Last year, increased demand for mobile products drove two large projects at Newgen. “For one journal client, we took 20 journals onto the iPad via Adobe Publishing Suite, reformatting the print product for optimum display on a tablet. This trial proved so successful with subscribers that the next tranche of 100 journals is being lined up for mobilization. For another publisher, we digitized the bulk of the frontlist for mobile distribution in a custom application.”
This year, Newgen expanded its existing portfolio of development work in professional and academic law and medicine publishing with the acquisition of Connecticut-based NETS, a full-service provider of k–12 materials for teachers and students. NETS offers editorial, art and design, composition and pre-press, and interactive media services—the latter an excellent fit for Newgen’s Cloud Matters division in Chennai, which spent 2012 building cloud-based solutions and mobile applications for publishers.
For more information on Newgen’s products and solutions, please contact Elancheran at firstname.lastname@example.org.
Providing a platform where publishers can create and brand their own presence in the e-book world is Qbend’s focus. “In the long term, publishers want to have control of their e-book strategy while connecting directly with their consumers,” says COO Kaushik Sampath, adding that Qbend’s customized e-bookstore platform enables selling by chapters, rentals, custom publications, and subscriptions. “Such features are offered at no upfront cost, thereby eliminating a major entry barrier to e-book retailing.”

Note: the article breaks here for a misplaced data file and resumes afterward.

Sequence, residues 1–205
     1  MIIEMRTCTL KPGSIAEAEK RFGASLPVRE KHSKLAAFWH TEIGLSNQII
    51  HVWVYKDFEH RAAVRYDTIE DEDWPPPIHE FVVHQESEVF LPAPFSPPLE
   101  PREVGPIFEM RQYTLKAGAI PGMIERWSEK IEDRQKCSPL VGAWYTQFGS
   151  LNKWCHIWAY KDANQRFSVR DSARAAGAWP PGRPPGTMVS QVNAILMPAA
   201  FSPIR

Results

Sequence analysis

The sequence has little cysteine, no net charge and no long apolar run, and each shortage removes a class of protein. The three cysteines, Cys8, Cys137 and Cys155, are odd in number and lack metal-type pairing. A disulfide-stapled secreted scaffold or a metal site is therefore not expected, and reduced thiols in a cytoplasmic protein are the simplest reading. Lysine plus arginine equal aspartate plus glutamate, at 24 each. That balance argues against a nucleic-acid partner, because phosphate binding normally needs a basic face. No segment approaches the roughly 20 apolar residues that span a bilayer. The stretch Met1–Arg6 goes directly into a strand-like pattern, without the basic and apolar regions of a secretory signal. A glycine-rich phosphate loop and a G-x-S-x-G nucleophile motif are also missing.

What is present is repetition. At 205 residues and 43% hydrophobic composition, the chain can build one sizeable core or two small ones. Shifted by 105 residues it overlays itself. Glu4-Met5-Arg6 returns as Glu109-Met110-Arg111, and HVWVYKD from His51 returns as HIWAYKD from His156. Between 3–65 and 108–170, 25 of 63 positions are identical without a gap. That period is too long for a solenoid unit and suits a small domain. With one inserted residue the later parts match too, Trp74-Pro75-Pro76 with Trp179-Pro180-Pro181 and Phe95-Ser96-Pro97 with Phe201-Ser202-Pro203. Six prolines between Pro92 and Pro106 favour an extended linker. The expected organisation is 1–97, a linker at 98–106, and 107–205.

Qbend’s main theme at this show is selling direct. “We help publishers understand what the needs of the consumers are, and then use our e-bookstore platform’s various sales models as well as our patent-pending robust publishing engine S.N.A.P. [Search, Navigate, Assemble, Publish] to deliver the content—on-demand—in the right format,” says CEO Kris Srinaath. “At the same time, our built-in robust analytics tools provide in-depth behavioral patterns, purchase trends, discounts, marketing campaign performances, and other critical analysis to enable publishers to fine-tune and streamline their marketing activities.”
In-depth analytics, adds Sampath, are something that publishers do not get from traditional retailers. “As a rule, consumers often do not explicitly state their needs, thus making it difficult to understand them or their needs. This is where consumer behavior analytics come into play. Qbend helps publishers derive behavioral patterns that show what consumers want, and tailor the offerings accordingly.”
Currently, publishers from more than 15 countries use Qbend’s platform to power their e-bookstores, most of which are localized in terms of languages, currencies, and payment methods. “We also allow publishers to have different e-bookstores in different geographies with different product pricing—again, at no extra cost,” notes Sampath.
This summer, Qbend extends its host of e-retailing features by allowing consumers to put together customized publication from a publisher’s content repository. “This feature is most beneficial to researchers and students who often require content from different titles from the same publisher. On the other hand, it will provide an attractive revenue stream for publishers who are able to de-chunk their content and allow customized e-books,” Sampath explains.
For more information about the different ways Qbend can help to accelerate your e-book business, drop by booth DZ2060 during BEA.